Discovering hidden sceneries of Formosa.



       Along the estuary of Tamsui river nestles the remains of a monstrous structure resembling a modern-day fortress. Its tarnished & corroded iron gates fenced off its mystic aura and deadly silence from the entrance of any living, breathing creature. This luxurious vacation resort had once been the rendezvous for the haut monde, the synonym for exquisite taste, and the Garden of Eden neighboring the bustling urban jungle of downtown Taipei. More specifically, it was the reification for the astonishing growth in Taiwan’s economic development in the late 20th century. Yet after numerous scandals & financial distresses, fate had brought the resort to its current sullen state: an alienated space within the metropolis long forgotten by the momentum of the 21 century.

   The history of resorts & clubs dates back to late 18th century England. The clangs of metal in industrial factories roared through the skies, sounding the rise of the bourgeoisie and the downfall of aristocracy. A shift in the social structure urged the former upper class, the ones so nostalgic with the golden days of royalty and the gathering of similar social classes, to mutually fund for a membership-exclusive venue for social networking & leisure activities, often inclusive of recreational rooms, libraries, art salons, tea rooms, and dining halls; and thus “club culture” was introduced into the world, and began to spread in the Western world.

   Scoping back to Taiwan, despite the formation of poet societies and art salons during the Japanese Colonial era (1895-1945), it will not be until the US Aided era (1950-1967) that the club culture entered Taiwan along with the American troops. Up until then, the Taiwanese had never experienced anything quite like the exquisite luxury of western-styled clubs. Subsequently, golf clubs, gym clubs and many other social-orientated clubs began surfacing the Taiwanese society.

        In the 1970s, corporate-owned vacation clubs were available for public access, and with the loosening of travel restrictions and lifting of martial law, the Taiwanese began to value the “vacation lifestyle” more than ever, no matter domestic or foreign. In 1998, the turnover for Taiwan’s tourism industry had risen to 71.8 billion NTD, and western-styled clubs and vacation centers had become a necessity in the daily lives of the bourgeoisie.

   Under the prerequisites of urbanization and the commercialization of architectural construction, the implementation of clubs had become a major selling point for real estate developers. Compound residential buildings with club-oriented areas and tourist hotels began to appear in rural areas. In the late 90s, the parent council of the [redacted] High School purchased a leased land right across the school that had originally been the campus playground, and in the name of “relieving financial pressure” for the school, the Mediterranean Mansions and the five-starred Mediterranean Vacation resort was built.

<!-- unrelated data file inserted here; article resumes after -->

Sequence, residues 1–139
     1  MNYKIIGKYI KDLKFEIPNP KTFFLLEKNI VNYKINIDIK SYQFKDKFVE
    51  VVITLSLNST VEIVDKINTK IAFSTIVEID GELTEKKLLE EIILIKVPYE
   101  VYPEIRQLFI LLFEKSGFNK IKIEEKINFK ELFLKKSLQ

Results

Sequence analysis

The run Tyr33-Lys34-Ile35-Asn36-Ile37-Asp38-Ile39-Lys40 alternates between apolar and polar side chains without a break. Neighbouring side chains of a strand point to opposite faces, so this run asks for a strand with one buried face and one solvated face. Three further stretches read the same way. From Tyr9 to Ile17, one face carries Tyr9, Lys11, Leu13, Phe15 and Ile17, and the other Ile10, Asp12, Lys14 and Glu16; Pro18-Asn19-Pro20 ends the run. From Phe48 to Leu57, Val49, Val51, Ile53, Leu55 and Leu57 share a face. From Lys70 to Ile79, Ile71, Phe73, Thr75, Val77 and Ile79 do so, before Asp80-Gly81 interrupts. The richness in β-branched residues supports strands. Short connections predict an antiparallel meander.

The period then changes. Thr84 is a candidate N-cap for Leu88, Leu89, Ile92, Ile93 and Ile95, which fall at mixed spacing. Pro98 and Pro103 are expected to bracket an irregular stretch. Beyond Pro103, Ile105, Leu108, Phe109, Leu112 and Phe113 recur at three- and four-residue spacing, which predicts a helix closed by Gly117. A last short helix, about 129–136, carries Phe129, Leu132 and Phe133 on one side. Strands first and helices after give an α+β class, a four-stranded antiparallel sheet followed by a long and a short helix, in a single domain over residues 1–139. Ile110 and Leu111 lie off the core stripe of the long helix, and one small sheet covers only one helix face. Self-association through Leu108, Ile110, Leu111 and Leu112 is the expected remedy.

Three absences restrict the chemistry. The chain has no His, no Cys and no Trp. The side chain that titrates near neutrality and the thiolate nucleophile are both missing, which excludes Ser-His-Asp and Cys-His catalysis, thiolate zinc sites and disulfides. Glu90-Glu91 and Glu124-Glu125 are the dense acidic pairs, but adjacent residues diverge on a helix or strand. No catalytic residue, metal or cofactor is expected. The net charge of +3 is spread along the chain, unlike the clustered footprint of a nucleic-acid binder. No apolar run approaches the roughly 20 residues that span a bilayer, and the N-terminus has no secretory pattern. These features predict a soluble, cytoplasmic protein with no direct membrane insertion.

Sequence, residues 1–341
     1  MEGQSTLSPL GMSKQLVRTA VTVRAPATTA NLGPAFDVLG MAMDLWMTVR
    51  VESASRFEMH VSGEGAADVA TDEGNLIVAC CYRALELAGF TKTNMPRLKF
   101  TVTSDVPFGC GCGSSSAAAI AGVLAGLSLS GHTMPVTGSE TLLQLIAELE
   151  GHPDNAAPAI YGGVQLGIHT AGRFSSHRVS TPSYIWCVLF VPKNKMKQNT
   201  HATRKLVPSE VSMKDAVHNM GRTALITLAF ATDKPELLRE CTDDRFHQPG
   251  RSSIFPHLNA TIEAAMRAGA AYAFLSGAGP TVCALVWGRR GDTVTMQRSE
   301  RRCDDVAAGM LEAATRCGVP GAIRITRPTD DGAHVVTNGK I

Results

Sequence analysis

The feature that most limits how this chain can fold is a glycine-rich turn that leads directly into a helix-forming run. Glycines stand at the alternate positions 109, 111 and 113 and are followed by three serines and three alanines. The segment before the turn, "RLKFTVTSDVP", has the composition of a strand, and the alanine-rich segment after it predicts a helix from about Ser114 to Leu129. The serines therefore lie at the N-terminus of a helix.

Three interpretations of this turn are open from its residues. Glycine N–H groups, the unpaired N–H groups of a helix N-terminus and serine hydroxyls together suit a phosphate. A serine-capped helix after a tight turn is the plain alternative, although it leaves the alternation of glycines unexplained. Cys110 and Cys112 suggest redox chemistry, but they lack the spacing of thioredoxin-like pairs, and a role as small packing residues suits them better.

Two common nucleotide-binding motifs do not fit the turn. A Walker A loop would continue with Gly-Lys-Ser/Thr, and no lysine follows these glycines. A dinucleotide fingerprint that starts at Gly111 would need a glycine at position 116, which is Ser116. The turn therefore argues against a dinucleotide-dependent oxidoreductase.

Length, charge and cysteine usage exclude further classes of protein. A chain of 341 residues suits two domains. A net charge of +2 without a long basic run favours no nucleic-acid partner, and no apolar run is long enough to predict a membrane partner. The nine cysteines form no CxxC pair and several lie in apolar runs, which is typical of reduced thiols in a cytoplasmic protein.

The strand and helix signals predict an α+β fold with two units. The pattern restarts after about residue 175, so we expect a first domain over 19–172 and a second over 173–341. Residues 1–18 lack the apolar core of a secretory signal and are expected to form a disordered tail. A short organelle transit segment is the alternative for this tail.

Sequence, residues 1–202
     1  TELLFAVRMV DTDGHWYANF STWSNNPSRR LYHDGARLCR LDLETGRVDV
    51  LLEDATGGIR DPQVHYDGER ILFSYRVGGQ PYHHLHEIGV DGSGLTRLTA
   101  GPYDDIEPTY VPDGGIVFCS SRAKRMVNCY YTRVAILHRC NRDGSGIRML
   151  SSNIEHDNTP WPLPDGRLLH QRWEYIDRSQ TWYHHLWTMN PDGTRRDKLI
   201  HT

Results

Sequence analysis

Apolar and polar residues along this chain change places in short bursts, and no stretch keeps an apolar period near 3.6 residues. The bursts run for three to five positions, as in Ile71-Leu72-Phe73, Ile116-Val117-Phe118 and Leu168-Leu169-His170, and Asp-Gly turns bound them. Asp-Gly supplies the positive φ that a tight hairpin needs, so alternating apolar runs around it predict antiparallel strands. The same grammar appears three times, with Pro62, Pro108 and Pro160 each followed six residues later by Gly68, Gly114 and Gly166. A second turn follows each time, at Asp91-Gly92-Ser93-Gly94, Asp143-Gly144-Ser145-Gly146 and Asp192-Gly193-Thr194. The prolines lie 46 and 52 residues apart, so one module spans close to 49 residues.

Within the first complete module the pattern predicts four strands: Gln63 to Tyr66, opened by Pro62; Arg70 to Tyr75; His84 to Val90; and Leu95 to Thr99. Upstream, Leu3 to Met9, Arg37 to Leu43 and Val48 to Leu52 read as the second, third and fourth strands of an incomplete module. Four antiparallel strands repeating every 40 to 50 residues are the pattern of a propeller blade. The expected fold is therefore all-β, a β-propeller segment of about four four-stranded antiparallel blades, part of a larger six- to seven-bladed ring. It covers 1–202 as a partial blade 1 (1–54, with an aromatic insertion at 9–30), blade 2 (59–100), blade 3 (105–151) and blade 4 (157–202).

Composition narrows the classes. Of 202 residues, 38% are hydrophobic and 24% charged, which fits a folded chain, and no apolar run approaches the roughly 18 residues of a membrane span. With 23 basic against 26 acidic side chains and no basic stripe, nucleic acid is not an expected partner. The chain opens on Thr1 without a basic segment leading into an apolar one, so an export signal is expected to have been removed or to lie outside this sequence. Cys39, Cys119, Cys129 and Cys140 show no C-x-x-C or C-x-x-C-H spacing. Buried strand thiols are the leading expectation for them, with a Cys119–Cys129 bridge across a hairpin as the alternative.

Covering over a whopping 3.2 acres, the Mediterranean Vacation Resort was then the most luxurious vacation resort nation-wide: located right on the banks of Tamsui River and was equipped with both indoor & outdoor swimming pools, spa centers, buffet halls and ballrooms that could accommodate hundreds of visitors. The guest list included school authorities, mansion residents, upper-class elites and A-list celebrities. A lifetime membership would cost you half a million NTD (17,000 USD), and a monthly cleaning fee and minimum charge of 5000 NTD (170 USD) will also be needed additionally.  It its heydays, there were more than 1500 members registered, earning them millions per month.

        Yet nothing lasts forever, as the golden days passed by in a blink of an eye, the resort filed for bankruptcy in 2002 due to malmanagement. Although the parent council still earns the right to the land’s ownership, their debt grew to almost 200 million NTD. Under no financial support, the resort had laid idle for over 20 years. Grand spiral staircases, dazzling ballrooms and majestic swimming pools pose an ironic stance against their own aging and rotten state. All that remains is an empty shell of its former glory; inhabited by shadows of the bygone days, with no-one left to witness the spectacle beyond the resort’s dusted and shattered french windows.